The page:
Figures obtained from the Serious Fraud Office (SFO) have revealed that the prosecuting authority has increased its use of orders to seize and freeze assets of those it suspects of having been involved in fraudulent activity in the last financial year.
These orders, often referred to as “restraint orders”, enable the SFO to freeze assets when there is evidence that these assets are associated with criminal activity. The new figures are seen to demonstrate an increasingly proactive approach by the SFO in its attempts to prevent criminals from liquidating their assets. This follows recent criticisms regarding a perceived lack of assertiveness in this area, with Prime Minister Theresa May putting forward plans to disband the agency during her general election campaign in June this year. These plans have since been dropped.
The figures suggest that the SFO is increasingly focusing its attention and resources on large-scale fraud, leading to criticisms that the authority is failing to effectively target other types of fraud. With this data showing that a consequence of the SFO’s approach has been an overall reduction in the number of fraud prosecutions, it has been argued that there are now a growing number of frauds that are falling outside the remit of the SFO.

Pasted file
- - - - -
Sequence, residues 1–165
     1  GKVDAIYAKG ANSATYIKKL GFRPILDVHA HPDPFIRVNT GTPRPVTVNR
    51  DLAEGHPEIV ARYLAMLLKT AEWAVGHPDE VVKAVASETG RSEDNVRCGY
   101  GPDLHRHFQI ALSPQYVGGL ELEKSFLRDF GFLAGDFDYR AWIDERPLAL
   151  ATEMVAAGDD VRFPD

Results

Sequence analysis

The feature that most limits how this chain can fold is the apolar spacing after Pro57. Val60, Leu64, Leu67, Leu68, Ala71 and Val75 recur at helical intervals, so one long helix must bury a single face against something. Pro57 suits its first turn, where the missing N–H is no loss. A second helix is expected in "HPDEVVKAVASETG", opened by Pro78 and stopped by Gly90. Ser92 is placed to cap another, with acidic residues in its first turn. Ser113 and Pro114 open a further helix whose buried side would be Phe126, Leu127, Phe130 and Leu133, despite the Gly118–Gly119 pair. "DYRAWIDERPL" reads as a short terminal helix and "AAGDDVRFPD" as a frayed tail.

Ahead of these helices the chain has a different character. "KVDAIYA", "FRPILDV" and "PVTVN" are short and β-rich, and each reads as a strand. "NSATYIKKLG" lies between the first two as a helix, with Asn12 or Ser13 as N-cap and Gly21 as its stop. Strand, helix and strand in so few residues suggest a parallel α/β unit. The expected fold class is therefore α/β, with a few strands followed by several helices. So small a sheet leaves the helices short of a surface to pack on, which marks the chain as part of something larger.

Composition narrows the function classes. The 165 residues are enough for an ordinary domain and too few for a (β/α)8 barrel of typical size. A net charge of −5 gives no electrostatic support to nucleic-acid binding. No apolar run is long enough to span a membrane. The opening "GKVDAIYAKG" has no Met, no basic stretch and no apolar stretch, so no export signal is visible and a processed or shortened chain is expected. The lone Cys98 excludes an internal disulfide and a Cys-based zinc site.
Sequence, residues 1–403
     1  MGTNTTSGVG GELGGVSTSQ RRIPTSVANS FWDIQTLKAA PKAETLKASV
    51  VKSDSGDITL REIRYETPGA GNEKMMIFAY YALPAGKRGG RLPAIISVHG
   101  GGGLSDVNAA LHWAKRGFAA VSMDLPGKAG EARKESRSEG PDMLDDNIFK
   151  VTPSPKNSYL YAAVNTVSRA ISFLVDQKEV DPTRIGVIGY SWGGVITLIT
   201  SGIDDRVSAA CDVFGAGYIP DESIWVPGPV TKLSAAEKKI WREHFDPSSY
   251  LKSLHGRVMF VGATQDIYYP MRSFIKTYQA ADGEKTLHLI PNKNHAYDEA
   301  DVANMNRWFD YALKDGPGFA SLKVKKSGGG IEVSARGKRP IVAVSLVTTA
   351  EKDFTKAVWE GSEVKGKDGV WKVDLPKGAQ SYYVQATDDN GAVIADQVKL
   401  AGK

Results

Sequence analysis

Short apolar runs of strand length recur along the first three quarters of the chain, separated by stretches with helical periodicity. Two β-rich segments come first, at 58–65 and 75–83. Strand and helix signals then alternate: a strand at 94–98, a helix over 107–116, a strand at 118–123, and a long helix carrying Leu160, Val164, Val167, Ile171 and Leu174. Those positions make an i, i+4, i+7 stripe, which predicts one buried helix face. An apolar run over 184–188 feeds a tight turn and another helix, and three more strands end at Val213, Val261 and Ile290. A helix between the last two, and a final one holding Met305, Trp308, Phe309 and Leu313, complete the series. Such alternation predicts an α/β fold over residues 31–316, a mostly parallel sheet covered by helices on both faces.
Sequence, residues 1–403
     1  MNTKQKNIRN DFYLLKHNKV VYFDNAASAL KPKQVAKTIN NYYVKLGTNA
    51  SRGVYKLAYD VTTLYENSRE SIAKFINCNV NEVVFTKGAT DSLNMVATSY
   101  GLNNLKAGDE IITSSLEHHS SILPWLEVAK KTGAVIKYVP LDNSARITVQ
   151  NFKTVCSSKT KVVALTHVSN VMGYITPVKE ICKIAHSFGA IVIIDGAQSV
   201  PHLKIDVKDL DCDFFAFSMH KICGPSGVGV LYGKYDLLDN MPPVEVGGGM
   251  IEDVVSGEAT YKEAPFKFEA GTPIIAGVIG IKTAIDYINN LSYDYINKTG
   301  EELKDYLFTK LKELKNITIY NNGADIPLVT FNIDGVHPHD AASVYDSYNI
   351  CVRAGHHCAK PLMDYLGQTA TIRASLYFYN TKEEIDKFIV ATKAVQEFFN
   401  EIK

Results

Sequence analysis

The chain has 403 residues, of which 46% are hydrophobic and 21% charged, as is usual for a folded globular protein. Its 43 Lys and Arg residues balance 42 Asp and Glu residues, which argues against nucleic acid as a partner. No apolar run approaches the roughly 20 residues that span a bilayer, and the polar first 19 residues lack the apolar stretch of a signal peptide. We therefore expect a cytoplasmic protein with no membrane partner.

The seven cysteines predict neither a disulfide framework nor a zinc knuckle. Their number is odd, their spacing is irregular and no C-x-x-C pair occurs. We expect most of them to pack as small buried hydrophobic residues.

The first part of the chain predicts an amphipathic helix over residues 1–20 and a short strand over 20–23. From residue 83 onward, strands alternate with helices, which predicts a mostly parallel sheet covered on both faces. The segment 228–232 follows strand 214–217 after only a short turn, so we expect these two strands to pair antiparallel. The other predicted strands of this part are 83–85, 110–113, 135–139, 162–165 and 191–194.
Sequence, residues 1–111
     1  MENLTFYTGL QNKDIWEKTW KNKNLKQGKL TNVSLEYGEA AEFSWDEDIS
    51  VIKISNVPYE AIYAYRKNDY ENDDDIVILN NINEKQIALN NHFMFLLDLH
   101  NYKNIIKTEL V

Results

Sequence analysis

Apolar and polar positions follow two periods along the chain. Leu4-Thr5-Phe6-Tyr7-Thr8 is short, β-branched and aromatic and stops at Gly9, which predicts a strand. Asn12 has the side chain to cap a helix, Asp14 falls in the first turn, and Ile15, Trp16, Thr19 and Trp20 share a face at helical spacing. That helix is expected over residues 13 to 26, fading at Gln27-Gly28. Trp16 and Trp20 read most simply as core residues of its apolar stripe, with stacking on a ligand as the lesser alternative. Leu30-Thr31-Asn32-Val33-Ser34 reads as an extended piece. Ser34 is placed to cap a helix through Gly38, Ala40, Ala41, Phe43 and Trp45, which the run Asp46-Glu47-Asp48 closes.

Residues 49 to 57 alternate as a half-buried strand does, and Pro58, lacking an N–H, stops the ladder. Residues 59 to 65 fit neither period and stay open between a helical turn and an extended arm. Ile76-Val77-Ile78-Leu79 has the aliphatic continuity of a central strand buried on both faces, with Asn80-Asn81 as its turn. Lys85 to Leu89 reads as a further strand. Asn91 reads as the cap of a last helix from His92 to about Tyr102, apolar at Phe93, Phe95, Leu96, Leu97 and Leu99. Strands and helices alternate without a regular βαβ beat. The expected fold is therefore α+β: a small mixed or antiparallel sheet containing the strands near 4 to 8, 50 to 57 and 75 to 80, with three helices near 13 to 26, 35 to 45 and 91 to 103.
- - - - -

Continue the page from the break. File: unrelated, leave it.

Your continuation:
The publishing of these figures follows the release of statistics by the National Fraud Intelligence Bureau (NFIB), which show that fraud offences in England and Wales increased by 4% in the year to June, reaching over 653,000 reported cases. This demonstrates the fifth consecutive year in which increases of fraud have risen at this level, with over half of these crimes being committed online. However, separate data gathered by the Crime Survey for England and Wales (CSEW) suggest the number of fraud offences being carried out may, in fact, be much higher. The CSEW, which aims to establish how many crimes have been committed instead of focusing on those that have been reported to the police, estimates that the number of fraud offences carried out in England and Wales in the year to June was approximately 3.3 million.
Fraud is an extremely complex area of law, but with years of experience in handling such cases on behalf of our clients, the criminal defence solicitors at Wilford Smith are best placed to advise you in relation to fraud investigations. There are significant consequences for individuals or businesses found guilty of committing such offences, including heavy financial penalties, substantial prison sentences, removal of assets, a criminal record and irreparable damage to their business and reputation, so it is vital to get the best legal advice at the earliest possible stage of any investigation.
Our solicitors are based in London, Sheffield and Manchester, and serve clients across England and Wales. For fraud defence advice, contact us today on 0808 169 5677.